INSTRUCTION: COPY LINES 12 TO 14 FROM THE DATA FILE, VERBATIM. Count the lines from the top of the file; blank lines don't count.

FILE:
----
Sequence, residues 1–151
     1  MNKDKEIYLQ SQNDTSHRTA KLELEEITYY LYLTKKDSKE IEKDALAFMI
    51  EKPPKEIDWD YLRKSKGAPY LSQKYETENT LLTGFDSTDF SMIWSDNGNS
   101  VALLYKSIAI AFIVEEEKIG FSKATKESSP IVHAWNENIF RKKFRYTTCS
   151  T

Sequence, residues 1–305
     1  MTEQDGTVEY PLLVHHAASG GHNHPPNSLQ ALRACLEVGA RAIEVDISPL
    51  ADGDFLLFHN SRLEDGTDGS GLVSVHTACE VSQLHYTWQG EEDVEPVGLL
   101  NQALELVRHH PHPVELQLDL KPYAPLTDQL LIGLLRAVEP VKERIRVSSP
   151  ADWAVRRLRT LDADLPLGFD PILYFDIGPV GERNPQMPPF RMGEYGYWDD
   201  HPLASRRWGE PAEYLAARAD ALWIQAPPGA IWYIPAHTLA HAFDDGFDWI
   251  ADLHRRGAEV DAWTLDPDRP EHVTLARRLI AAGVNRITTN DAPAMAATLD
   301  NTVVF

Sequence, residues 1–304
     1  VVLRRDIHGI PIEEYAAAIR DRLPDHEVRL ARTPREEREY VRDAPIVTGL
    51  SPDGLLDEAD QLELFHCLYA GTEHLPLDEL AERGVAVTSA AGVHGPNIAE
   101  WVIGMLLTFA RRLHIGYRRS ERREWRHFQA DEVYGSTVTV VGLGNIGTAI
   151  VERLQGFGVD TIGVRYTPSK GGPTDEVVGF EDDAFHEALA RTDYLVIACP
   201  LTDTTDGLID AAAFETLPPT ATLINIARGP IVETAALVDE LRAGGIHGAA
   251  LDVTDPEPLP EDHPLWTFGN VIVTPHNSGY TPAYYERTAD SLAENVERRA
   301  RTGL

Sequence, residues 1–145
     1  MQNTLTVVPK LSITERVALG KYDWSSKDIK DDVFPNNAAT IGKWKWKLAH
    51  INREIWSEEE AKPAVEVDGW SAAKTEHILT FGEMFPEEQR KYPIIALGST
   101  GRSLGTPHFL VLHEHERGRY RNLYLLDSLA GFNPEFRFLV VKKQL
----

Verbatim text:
   251  ADLHRRGAEV DAWTLDPDRP EHVTLARRLI AAGVNRITTN DAPAMAATLD
   301  NTVVF

Sequence, residues 1–304